• missind33missind33 Registered User Posts: 4 New Member
    I understand what you mean about not applying to other programs. But I am aware of its competitiveness and I desire a back up plan. I don't want to apply to programs for the sake of applying, after my undergrad I plan on going to more school, while I would love become a SLP, if I don't get accepted into the schools I want, I have no back-up plan in terms of career. I don't see many job prospects of someone with a Communication Science and Disorders degree, except being a SLPA (which I believe it's harder to become licensed and get a job in it).

    I think applying to a noncompetitive school psych, or a social work program will just allow me to not stress so much. By casting a wider net, I'll get something! I think School psych is something interesting I should look up, and I don't know much about Social Work--about what they do exactly in each of these fields. Most of the work I've completed or going to complete in my undergrad career has some similar characteristics in SLP, Social Work, and School Psych. I was also looking to apply possibly to a Special Ed school, or Applied Behavior Analysts program. Thanks for everything!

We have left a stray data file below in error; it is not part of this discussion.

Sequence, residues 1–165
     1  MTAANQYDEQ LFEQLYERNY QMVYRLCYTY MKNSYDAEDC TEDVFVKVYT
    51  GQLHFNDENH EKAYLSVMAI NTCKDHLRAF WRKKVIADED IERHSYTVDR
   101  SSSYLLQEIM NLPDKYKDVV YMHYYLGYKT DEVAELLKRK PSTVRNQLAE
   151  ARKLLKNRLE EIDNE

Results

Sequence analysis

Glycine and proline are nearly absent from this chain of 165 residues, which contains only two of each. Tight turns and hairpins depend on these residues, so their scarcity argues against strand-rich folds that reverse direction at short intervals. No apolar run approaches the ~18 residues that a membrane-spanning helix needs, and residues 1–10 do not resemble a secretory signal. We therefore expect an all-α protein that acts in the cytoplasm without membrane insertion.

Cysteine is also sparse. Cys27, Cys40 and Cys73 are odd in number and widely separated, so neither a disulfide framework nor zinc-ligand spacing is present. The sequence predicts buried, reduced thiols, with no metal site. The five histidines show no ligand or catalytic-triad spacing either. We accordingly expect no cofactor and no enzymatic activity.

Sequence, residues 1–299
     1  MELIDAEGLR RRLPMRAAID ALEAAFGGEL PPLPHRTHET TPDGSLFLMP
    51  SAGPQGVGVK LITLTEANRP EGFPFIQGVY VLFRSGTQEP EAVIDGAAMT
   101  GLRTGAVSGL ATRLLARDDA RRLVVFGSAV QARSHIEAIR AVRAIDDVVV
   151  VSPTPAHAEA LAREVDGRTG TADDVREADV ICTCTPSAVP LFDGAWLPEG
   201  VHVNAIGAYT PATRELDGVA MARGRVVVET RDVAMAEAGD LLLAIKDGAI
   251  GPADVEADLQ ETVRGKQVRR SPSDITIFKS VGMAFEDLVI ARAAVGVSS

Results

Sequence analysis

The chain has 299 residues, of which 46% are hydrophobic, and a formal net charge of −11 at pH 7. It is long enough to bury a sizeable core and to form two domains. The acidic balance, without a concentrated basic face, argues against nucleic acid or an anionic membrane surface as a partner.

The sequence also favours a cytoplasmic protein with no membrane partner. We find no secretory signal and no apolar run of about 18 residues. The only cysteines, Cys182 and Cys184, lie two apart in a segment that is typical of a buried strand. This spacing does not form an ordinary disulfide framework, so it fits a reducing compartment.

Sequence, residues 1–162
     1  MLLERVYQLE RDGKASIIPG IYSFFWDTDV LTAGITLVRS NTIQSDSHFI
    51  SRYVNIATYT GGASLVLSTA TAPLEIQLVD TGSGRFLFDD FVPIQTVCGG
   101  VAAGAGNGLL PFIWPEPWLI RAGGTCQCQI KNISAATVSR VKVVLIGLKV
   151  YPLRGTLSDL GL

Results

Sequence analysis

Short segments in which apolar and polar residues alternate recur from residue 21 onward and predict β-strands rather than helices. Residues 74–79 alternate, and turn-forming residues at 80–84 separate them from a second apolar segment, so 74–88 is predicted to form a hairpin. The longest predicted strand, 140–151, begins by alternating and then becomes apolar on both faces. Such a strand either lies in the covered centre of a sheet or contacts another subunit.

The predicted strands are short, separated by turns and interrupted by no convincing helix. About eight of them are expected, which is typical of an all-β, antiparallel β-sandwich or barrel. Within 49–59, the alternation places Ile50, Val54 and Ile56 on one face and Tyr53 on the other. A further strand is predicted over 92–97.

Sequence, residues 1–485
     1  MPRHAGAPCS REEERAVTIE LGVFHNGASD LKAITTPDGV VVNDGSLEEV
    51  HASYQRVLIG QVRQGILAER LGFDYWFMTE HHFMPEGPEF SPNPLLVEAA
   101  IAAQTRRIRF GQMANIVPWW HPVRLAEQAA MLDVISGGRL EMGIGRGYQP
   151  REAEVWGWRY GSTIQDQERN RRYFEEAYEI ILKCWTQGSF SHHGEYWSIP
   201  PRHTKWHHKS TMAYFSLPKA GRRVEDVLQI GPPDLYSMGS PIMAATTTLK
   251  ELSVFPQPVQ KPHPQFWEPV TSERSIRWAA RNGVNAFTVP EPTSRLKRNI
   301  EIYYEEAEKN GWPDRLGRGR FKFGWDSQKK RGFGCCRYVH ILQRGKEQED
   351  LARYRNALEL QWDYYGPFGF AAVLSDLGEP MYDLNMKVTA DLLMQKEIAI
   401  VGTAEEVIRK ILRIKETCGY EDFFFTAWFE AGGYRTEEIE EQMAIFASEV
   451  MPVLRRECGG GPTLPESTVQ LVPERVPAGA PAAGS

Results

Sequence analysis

• OyamaOyama Registered User Posts: 2,486 Senior Member
    Settling for a low-ranked graduate school--especially one you have no desire of even completing besides as a safety--with low admissions criteria is just setting yourself up for more adversity (and more debt).
  • JudieSSWJudieSSW Registered User Posts: 1 New Member
    After reading previous replies, here are a few thoughts. With 30 years experience as a school social worker plus experience as a state parole officer, I think I can offer a somewhat different perspective. Some information provided previously is outdated.